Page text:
Press statements following Vladimir Putin's meeting with President of Italy Sergio Mattarell
Kremlin, April 11th, 2017
Question: Mr Putin, if I may, I have a question about Syria. What is your take on what is happening in Syria? Is there a danger of another US military strike against Syrian targets?
Vladimir Putin: We discussed this with the President. I said that this reminds me very much of the events of 2003, when US representatives in the Security Council showed alleged chemical weapons discovered in Iraq. A military campaign in Iraq ensued, which ended with the destruction of the country, an increased terrorist threat and the emergence of ISIS on the international scene – no more, no less.
The exact same thing is happening now, and their partners are nodding approvingly. In this connection, our remarkable writers, Ilf and Petrov, come to mind, with their famous line, “It’s boring, ladies.“ We have seen this all before.
Why is this happening? Everyone wants to restore relations in the Western community after – thanks to the former US administration – many European countries adopted an anti-Trump position during the election campaign. Syria and Russia, as a common enemy, provide a wonderful platform for consolidation. We are ready to put up with that for a while in the hope that it will eventually lead us to some positive trend based on interaction.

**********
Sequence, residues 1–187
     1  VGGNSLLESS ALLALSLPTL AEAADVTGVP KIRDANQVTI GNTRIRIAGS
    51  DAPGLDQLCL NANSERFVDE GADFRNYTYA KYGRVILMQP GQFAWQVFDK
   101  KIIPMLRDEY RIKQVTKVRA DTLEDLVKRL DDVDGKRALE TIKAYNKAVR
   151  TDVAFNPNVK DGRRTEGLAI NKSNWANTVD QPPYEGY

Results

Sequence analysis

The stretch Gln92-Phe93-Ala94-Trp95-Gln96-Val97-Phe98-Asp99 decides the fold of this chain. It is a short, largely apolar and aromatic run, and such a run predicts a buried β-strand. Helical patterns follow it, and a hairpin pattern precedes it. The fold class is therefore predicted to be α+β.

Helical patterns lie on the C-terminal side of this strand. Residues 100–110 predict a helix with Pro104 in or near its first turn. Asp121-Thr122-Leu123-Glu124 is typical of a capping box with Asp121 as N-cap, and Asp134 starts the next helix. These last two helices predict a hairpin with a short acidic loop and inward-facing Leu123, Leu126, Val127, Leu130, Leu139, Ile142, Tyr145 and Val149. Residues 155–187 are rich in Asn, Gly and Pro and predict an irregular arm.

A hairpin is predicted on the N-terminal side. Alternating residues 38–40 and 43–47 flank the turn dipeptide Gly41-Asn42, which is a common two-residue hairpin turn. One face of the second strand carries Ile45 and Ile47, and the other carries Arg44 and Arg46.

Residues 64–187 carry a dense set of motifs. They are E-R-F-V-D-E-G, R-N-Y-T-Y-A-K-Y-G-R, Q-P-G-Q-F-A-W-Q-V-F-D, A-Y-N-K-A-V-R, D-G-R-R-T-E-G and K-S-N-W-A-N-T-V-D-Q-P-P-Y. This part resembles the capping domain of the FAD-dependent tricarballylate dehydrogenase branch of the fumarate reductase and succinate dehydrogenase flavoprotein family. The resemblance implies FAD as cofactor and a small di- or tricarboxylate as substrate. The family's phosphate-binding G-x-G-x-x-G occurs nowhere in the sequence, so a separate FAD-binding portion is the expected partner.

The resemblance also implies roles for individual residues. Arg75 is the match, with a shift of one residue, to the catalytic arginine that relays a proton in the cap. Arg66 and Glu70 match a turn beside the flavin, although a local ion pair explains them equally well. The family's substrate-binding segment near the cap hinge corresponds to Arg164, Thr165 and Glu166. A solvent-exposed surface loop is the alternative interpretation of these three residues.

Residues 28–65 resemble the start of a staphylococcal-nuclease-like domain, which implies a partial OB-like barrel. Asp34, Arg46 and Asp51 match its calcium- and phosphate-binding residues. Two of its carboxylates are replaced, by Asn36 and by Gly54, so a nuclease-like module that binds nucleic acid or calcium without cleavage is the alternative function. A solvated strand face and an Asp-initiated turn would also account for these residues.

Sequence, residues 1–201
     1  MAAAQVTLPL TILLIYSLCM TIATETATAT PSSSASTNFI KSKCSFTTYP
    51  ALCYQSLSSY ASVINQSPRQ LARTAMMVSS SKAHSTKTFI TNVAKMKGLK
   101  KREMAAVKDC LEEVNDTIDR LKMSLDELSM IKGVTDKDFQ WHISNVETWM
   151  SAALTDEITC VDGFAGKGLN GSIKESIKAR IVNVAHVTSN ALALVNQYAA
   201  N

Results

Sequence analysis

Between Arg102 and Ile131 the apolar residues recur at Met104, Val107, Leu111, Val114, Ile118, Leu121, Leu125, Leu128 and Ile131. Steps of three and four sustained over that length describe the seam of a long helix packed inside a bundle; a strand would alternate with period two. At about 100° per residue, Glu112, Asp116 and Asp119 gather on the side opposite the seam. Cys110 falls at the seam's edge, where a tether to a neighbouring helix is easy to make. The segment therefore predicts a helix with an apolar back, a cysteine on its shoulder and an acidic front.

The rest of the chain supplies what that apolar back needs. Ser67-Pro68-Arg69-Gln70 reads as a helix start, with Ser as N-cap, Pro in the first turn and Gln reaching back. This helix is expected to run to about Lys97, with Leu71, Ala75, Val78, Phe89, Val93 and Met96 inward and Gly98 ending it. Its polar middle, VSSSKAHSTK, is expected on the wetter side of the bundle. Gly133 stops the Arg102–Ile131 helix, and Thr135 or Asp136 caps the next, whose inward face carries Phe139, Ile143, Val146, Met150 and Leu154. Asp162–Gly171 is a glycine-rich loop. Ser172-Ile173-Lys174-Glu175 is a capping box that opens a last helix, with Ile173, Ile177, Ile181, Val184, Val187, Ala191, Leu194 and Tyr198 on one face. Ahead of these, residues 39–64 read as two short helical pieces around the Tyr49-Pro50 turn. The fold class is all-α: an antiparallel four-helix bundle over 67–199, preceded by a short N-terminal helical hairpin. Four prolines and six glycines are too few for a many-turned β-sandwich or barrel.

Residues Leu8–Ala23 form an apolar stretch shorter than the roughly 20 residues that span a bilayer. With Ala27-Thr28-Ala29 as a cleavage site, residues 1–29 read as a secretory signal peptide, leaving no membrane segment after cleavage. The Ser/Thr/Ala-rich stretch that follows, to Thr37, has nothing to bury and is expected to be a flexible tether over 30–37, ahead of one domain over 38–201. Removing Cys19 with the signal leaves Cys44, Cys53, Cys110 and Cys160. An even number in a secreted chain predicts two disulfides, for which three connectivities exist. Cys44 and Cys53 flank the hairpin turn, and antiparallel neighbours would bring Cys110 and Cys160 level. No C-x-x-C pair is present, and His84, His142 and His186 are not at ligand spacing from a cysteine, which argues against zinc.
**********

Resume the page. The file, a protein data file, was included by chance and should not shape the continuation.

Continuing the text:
For consumption within America, there are reasons for this. Simply put, political opponents of the incumbent president are still out there, and if anything happens, it will be blamed on him. I have no doubt about that.
Now about whether new attacks are possible or not. We have information from a variety of sources that such provocations (I cannot find another word for this) are being prepared in other parts of Syria, including in southern suburbs of Damascus, where they are planning to plant certain substances and accuse Syrian authorities of using them.
However, we believe that things like this should be thoroughly investigated. We plan to officially address the appropriate UN institution in The Hague and call on the international community to thoroughly investigate these matters. A weighted decision can then be taken depending on the findings of the investigation.